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Department of Physics

Staff profile

Publication details for Prof Richard Bower

Balogh, M.L., Baldry, I.K., Nichol, R., Miller, C., Bower, R. & Glazebrook, K. (2004). The Bimodal Galaxy Color Distribution: Dependence on Luminosity and Environment. The Astrophysical Journal 615(2): L101-L104.

Author(s) from Durham

Abstract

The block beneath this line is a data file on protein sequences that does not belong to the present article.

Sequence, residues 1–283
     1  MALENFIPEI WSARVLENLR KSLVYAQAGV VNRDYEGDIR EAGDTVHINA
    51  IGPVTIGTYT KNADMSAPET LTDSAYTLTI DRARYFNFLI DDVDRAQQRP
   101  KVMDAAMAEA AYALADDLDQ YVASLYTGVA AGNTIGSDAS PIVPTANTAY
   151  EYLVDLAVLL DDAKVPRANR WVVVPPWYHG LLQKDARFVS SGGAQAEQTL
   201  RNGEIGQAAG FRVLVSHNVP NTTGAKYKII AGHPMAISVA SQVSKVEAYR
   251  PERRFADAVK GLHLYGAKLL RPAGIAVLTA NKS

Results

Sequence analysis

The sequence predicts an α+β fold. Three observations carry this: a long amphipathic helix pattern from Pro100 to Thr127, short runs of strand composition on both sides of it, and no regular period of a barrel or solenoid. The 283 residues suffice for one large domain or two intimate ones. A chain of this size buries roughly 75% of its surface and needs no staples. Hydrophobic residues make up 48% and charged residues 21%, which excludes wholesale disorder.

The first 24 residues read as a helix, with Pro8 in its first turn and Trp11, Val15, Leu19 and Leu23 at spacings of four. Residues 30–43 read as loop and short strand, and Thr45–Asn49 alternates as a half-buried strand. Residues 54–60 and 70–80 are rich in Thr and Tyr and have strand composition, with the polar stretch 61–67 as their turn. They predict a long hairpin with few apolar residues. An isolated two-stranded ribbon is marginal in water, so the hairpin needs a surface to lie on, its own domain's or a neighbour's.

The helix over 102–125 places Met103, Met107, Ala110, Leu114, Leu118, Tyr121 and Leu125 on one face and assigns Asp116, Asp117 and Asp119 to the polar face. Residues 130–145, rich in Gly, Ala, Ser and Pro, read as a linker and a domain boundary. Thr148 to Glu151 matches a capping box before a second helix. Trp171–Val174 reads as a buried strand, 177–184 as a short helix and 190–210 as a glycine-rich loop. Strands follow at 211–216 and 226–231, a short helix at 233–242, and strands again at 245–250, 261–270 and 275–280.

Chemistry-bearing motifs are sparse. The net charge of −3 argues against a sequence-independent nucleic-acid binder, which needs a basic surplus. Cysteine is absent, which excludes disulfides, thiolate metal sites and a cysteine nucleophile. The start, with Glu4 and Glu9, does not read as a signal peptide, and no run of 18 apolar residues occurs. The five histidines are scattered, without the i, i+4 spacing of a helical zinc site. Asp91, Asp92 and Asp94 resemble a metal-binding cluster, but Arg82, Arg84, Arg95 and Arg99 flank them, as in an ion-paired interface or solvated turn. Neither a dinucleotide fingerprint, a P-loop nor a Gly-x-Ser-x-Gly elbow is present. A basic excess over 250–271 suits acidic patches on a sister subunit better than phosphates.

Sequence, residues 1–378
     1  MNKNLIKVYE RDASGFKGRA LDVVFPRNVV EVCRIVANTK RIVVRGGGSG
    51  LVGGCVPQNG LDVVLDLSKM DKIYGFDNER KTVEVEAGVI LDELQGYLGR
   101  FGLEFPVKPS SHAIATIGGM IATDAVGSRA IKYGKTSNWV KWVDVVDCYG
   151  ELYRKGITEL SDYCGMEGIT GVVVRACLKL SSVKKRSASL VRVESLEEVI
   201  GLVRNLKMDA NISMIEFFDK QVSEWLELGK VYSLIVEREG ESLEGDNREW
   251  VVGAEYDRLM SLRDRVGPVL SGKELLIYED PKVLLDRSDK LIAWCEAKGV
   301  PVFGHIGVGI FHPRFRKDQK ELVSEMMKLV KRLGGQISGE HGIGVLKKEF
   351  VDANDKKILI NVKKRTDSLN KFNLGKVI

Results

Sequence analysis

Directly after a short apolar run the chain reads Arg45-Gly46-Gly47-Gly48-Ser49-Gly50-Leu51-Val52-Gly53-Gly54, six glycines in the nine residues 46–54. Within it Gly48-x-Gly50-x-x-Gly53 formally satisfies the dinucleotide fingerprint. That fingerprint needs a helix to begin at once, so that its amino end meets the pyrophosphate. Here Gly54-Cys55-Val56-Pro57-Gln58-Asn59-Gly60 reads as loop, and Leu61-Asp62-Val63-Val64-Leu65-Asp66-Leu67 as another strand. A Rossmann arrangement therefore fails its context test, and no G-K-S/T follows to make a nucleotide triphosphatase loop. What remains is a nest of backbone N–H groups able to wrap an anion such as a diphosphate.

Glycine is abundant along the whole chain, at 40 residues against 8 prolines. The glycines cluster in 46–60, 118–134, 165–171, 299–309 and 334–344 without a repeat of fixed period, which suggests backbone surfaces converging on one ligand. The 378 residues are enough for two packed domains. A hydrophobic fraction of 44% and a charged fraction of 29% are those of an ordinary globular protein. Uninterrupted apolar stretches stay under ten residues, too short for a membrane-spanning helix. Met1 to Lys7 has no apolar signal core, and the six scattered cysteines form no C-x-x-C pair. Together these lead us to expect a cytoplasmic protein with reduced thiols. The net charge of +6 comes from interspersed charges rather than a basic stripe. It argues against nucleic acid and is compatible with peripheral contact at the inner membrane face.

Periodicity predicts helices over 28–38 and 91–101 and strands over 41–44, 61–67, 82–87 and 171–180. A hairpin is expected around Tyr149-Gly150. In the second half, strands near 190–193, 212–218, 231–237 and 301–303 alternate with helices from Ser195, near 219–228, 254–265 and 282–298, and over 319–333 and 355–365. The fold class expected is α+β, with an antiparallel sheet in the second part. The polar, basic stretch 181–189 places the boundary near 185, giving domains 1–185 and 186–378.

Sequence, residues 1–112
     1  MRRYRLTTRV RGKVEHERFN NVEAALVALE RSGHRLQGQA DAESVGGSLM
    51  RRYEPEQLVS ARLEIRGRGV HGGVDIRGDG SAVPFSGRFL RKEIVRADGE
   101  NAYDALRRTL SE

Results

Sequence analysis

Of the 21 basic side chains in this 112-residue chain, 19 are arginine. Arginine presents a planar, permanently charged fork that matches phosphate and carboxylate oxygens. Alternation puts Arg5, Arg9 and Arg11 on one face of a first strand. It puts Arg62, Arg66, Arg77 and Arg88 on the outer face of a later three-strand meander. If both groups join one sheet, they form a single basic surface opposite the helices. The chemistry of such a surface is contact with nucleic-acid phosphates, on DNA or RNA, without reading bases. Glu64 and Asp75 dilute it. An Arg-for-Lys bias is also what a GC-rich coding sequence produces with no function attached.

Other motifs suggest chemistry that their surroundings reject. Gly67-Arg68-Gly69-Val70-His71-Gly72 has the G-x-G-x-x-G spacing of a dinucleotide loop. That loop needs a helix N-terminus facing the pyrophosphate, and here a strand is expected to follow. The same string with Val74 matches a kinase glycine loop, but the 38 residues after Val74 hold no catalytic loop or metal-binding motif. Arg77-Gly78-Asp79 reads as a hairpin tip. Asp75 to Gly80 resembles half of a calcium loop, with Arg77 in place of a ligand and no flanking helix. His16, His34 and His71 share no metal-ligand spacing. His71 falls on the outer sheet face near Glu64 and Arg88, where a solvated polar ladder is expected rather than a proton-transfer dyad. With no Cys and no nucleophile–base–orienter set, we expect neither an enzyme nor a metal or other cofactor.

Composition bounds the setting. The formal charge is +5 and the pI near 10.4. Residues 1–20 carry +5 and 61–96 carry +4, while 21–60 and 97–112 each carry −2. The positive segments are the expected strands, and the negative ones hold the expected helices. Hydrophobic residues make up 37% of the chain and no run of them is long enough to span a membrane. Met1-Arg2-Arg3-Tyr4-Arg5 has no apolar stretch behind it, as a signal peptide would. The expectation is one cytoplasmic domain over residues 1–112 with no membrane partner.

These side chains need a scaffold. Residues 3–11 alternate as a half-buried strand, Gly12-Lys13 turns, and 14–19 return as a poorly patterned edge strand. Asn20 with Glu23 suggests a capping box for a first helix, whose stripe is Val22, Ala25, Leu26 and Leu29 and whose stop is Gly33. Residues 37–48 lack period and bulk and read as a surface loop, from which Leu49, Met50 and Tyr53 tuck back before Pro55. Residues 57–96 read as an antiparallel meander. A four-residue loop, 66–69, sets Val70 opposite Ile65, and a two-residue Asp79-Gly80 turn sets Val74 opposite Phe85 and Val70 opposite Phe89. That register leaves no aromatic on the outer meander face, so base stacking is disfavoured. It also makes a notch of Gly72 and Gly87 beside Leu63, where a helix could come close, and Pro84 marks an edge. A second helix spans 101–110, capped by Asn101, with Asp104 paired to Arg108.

We analyze the u - r color distribution of 24,346 galaxies with Mr ≤ -18 and z < 0.08, drawn from the Sloan Digital Sky Survey first data release, as a function of luminosity and environment. The color distribution is well fitted with two Gaussian distributions, which we use to divide the sample into a blue and red population. At fixed luminosity, the mean color of the blue (red) distribution is nearly independent of environment, with a weakly significant (~3 σ) detection of a trend for colors to become redder by 0.1-0.14 (0.03-0.06) mag with a factor of ~100 increase in local density, as characterized by the surface density of galaxies within a ±1000 km s-1 redshift slice. In contrast, at fixed luminosity the fraction of galaxies in the red distribution is a strong function of local density, increasing from ~10%-30% of the population in the lowest density environments to ~70% at the highest densities. The strength of this trend is similar for both the brightest (-23 < Mr < -22) and faintest (-19 < Mr < -18) galaxies in our sample. The fraction of red galaxies within the virialized regions of clusters shows no significant dependence on velocity dispersion. Even at the lowest densities explored, a substantial population of red galaxies exists, which might be fossil groups. We propose that most star-forming galaxies today evolve at a rate that is determined primarily by their intrinsic properties and independent of their environment. Any environmentally triggered transformations from blue to red colors must occur either on a short timescale or preferentially at high redshift to preserve the simple Gaussian nature of the color distribution. The mechanism must be effective for both bright and faint galaxies.